Brendan Howlin launches stinging attack on Shane Ross and ‘shambles’ Government


Brendan Howlin launches stinging attack on Shane Ross and ‘shambles’ Government

Brendan Howlin Photo: Frank McGrath
Brendan Howlin Photo: Frank McGrath

LABOUR Party leader Brendan Howlin has launched a stinging attack on Transport Minister Shane Ross claiming he’s an example of why the Government is a “shambles”.

Mr Howlin made the remarks in his speech on the opening night of the Labour Party’s National Conference.

He thanked delegates for travelling from around the country and said: “I know that travelling across Ireland is more difficult now, with Shane Ross as Minister for Transport.”

He added: “At least, I think he’s a Minister. He’s listed at least on the Government’s website as one”.

And he criticised Mr Ross’s involvement in the controversial BusConnects plan for Dublin.

Mr Howlin said: “I do recall his claim that he’s not responsible for the BusConnects system.

“Apparently he was planning to make a submission on it – to himself.

“It is just one example of how the current Government is in fact a shambles.”

He said the only positive is that Mr Ross is in charge of transport and not housing or health.

Mr Ross last month reportedly told a Dublin-Rathdown constituency meeting that he had nothing to do with the BusConnects plan, prompting criticism from political opponents that he was trying to “duck responsibility”.

The Minister later said he told the residents that he does make Government policy on BusConnects project and transport, but he doesn’t “micro-mange” the details.

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Mr Ross declined to respond to political attacks at the time but said “it’s a good project but there are problems for communities that need to be ironed out.”

Mr Howlin also attacked the record of Taoiseach Leo Varadkar’s Government on housing and health.

He said Fine Gael are in talks with Fianna Fáil on renewing the Confidence and Supply agreement and asked: “Who could have any confidence in this Government?”

Separately, Mr Howlin hit out at presidential election candidate Peter Casey who made controversial remarks about the Travelling Community during the campaign.

Mr Howlin accused Mr Casey of engaging in “Trumpian tactics” seeking to grab headlines by targeting vulnerable groups.

He contrasted this with the approach of President Michael D Higgins – a former Labour minister – who won re-election and has “a genuine concern for the welfare of others, especially the most vulnerable”.

Mr Howlin also said President Michael D Higgins’ victory in the race for Áras an Uachtaráin gives “strong hope” for a revival of his party’s support among the electorate.

However, he ruled out any pact with other political parties ahead of the next general election which he predicted would happen before May next year.

Labour had a disastrous election in 2016, returning just seven TDs to the Dáil.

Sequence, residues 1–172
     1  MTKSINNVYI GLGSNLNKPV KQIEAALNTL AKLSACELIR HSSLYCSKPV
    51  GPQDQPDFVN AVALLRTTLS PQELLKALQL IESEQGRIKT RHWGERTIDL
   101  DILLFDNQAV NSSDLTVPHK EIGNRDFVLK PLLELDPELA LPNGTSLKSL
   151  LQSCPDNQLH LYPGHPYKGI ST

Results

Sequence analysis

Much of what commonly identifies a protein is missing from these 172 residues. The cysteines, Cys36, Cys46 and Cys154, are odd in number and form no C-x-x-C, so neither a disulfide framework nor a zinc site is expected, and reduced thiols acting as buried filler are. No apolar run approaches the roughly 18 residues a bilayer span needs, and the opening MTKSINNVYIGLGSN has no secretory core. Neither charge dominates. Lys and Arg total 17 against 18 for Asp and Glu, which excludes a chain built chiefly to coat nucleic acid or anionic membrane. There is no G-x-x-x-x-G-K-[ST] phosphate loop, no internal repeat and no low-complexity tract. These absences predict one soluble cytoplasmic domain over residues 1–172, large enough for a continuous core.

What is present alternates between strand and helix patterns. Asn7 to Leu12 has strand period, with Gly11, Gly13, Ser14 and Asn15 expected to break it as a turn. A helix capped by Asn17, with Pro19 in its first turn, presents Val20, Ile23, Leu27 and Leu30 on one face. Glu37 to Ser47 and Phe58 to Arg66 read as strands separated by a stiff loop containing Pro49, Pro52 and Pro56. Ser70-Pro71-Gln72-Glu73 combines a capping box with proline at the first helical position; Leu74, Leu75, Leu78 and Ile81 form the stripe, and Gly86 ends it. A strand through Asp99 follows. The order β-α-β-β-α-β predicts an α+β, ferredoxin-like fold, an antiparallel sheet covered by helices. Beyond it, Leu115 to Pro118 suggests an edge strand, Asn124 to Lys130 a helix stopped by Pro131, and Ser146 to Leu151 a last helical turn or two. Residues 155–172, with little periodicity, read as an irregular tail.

Mr Howlin said his goal is to return the party to double-digit representation after the next election.

He said the party “obviously rejoice in the election of the pre-eminent candidate in the last Presidential election.”

“The people of Ireland agreed with us. But Michael D not only was the best candidate, he is an intellectual, a socialist, an advocate of Labour values all his life.

Mr Howlin said: “the fact that there’s a constituency for that indicates that there is strong hope for the Labour Party.”

He said that there are “people who think like us” and added: “we need to get them to vote for us in the local, European and the next general election.”

The Labour Party conference will debate a proposal from its Fingal branch that calls on the party leadership to consider a pre-election agreement on some policy objectives with “like-minded parties and individuals”.

The suggestion is made in light of the growth in populism on the right and the extreme left internationally.

However, Mr Howlin has effectively ruled this out saying: “We will be entering into no pre-election pact with anybody. We will be campaigning on a very clear Labour policy platform.”

He said that “if in the event that people want to talk to us subsequent to a general election and we have sufficient strength to advance those policies then we’ll talk on the basis of those policies.”

Mr Howlin said the party will use its 70th national conference to set out the party’s stall ahead of the next general election.

He said: “We’re refining our very clear policy agenda on the critical issues that affect people.

“We have a unique policy platform on housing where we want to build 80,000 affordable homes over the next five years and have set out where we will get €16bn to do that.”

He also said: “The creation of a single-tier health system which is possible in this country.

“In the worst of times we embarked upon that in government, rolling out primary, firstly free GP care to under-6s.

“All of that stopped as soon as we left government because other parties don’t have a commitment to universal healthcare.

“We are facing a general election sometime in the coming months.

“My own judgment on it is that it will be sooner than either the European or Local Elections which we know are scheduled for May of next year.”

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